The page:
Real-Life Observations of Clinical Outcomes With Rhythm- and Rate-Control Therapies for Atrial Fibrillation: RECORDAF (Registry on Cardiac Rhythm Disorders Assessing the Control of Atrial Fibrillation)
What are the outcomes of rhythm- and rate-control strategies for atrial fibrillation (AF) in clinical practice?
Data from 5,604 patients (mean age 66 years) enrolled in a longitudinal AF registry were analyzed upon enrollment and at 6 and 12 months of follow-up. Therapeutic success was defined as an unchanged treatment strategy and the absence of clinical events, along with sinus rhythm at 12 months in the rhythm-control group (n = 3,076) or a resting heart rate <80 bpm at 12 months in the rate-control group (n = 2,528).
At 12 months, 81% of patients in the rhythm-control group and 33% of patients in the rate-control group were in sinus rhythm. A vitamin K antagonist was used for stroke prevention in 52% of patients overall and in 59% of patients with a CHADS2 score ≥2. Therapeutic success was achieved in 60% of patients in the rhythm-control group compared to 47% in the rate-control group. The clinical outcomes that differed significantly between the rhythm- and rate-control groups were cardiovascular death (0.9 vs. 2.8%, respectively), stroke/transient ischemic attack (1.7 vs. 2.8%, respectively), hospitalization for arrhythmia/proarrhythmia (11.3 vs. 7.3%, respectively), and heart failure (2.4 vs. 4.8%, respectively). Adverse outcomes were related to renal disease, coronary disease, heart failure, prior stroke, and age, but not to the management strategy.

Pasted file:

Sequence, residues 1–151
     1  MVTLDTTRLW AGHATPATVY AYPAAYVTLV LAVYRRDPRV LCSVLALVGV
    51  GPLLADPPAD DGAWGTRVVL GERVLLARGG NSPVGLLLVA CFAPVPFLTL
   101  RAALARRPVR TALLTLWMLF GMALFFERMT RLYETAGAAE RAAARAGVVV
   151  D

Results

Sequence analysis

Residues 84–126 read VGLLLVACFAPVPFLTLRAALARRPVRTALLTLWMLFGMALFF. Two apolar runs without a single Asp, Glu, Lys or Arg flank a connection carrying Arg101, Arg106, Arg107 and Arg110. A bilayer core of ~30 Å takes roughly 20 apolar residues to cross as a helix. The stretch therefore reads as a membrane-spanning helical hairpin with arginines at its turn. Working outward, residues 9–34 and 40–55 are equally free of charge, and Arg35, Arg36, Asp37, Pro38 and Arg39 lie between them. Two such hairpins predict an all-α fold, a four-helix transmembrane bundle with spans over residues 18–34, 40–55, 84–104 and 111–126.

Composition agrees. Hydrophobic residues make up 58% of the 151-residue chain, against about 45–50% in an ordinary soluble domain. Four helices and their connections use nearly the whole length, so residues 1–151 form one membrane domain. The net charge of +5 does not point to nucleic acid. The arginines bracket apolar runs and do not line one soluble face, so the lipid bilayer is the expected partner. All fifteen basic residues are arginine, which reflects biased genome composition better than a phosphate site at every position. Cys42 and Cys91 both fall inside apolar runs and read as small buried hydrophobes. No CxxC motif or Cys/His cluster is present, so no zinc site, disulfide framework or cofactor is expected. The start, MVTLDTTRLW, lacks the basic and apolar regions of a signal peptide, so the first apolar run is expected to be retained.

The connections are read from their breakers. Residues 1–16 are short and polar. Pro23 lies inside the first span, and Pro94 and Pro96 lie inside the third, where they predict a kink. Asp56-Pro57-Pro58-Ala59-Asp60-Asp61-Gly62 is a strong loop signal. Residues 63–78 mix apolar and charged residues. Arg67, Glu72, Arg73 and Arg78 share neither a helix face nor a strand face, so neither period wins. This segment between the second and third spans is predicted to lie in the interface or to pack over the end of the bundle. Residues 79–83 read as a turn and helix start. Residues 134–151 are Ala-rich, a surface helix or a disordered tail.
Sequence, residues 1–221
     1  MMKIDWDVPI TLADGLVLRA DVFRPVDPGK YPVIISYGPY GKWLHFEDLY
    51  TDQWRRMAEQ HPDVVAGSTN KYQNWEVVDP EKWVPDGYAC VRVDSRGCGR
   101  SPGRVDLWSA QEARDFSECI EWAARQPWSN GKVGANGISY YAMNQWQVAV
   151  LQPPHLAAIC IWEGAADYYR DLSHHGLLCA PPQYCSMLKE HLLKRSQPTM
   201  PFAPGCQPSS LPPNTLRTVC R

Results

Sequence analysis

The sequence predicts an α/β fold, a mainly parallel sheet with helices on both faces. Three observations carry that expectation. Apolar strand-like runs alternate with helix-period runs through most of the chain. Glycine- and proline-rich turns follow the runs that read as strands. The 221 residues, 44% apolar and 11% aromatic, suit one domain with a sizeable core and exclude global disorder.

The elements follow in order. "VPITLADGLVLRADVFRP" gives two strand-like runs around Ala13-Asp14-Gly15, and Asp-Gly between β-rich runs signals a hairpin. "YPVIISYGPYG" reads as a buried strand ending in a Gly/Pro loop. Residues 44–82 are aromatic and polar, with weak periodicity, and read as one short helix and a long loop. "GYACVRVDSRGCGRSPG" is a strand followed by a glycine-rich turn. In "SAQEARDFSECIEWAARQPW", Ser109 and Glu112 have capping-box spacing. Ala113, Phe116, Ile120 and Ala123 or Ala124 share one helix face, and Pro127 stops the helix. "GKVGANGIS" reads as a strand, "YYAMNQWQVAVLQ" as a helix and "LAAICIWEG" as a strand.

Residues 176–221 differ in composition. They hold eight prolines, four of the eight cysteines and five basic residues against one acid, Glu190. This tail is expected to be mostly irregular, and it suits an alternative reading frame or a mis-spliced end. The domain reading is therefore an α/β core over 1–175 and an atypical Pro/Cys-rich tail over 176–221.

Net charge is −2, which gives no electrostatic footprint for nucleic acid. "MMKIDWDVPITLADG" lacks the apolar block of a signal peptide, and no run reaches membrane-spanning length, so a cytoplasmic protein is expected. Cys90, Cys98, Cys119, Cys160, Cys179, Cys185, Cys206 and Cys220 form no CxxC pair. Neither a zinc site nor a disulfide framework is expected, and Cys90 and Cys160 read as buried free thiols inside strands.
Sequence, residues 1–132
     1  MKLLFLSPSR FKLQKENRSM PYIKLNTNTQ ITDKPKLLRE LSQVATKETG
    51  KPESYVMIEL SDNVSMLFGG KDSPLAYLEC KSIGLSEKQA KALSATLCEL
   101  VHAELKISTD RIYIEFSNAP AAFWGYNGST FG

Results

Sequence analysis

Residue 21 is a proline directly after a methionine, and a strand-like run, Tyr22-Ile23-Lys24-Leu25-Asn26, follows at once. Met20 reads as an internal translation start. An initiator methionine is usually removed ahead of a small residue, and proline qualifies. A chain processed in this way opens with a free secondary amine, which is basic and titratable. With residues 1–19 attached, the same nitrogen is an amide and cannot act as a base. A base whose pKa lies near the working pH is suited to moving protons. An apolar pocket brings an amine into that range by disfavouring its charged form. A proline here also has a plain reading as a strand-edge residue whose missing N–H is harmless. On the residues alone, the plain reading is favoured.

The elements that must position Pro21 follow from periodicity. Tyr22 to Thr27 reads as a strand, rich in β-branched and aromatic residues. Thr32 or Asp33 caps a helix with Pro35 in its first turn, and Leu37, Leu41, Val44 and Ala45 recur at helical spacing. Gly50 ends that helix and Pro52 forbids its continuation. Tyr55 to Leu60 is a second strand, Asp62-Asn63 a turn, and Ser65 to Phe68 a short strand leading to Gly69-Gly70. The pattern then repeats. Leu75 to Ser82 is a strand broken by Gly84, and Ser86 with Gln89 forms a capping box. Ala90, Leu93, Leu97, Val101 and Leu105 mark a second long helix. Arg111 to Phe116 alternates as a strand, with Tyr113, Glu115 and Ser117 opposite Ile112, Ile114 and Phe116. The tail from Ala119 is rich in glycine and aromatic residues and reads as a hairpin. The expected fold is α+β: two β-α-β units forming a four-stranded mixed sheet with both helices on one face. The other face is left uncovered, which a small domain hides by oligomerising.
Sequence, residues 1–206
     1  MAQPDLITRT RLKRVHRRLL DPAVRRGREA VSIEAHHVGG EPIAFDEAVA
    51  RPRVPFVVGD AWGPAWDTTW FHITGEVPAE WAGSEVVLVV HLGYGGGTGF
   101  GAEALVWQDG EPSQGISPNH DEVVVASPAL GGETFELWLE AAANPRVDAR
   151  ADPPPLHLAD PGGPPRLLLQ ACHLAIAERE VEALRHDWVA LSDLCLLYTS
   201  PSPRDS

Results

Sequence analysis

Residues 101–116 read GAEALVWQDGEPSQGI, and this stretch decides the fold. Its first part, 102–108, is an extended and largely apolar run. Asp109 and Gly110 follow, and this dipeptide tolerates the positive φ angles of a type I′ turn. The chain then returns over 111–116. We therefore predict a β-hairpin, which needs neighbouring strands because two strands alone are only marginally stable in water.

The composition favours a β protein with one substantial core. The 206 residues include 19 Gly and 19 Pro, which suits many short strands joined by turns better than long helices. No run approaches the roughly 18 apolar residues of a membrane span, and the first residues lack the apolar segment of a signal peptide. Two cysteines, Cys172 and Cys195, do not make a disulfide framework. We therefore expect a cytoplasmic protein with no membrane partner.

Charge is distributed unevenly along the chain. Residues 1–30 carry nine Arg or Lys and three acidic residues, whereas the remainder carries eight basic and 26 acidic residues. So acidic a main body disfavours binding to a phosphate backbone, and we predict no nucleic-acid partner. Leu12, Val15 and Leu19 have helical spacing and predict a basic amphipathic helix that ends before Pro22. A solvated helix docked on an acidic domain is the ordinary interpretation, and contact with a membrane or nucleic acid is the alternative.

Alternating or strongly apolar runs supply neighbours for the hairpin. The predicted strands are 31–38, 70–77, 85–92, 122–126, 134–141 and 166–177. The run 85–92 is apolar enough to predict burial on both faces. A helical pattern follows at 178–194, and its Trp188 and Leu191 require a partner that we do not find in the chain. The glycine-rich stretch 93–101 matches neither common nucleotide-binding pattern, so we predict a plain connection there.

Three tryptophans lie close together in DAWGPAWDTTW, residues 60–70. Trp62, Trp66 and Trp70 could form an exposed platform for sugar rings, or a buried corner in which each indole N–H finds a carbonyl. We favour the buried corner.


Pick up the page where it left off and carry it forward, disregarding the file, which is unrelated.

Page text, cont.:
The authors concluded that adverse outcomes during follow-up in patients with AF are largely a function of age and comorbidities, not the management strategy.
Despite the results of clinical trials (e.g., AFFIRM) that showed no advantage of a rhythm-control strategy over a rate-control strategy, it appears that the rhythm-control approach continues to be favored in clinical practice.
Keywords: Follow-Up Studies, Ischemic Attack, Transient, Heart Failure, Comorbidity, Coronary Disease, Atrial Fibrillation, Hospitalization
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